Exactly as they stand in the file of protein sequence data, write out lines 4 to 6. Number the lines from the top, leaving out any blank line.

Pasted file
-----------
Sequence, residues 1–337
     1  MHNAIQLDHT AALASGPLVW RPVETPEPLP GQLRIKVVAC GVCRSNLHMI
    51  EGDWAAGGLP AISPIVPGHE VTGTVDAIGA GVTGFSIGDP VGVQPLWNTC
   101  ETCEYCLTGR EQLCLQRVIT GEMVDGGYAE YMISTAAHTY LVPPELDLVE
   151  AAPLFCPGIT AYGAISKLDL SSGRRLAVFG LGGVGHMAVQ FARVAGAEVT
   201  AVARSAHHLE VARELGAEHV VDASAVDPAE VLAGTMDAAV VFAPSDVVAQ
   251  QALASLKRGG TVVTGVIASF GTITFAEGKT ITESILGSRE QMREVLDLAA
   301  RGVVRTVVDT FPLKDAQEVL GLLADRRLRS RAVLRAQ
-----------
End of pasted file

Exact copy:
   101  ETCEYCLTGR EQLCLQRVIT GEMVDGGYAE YMISTAAHTY LVPPELDLVE
   151  AAPLFCPGIT AYGAISKLDL SSGRRLAVFG LGGVGHMAVQ FARVAGAEVT
   201  AVARSAHHLE VARELGAEHV VDASAVDPAE VLAGTMDAAV VFAPSDVVAQ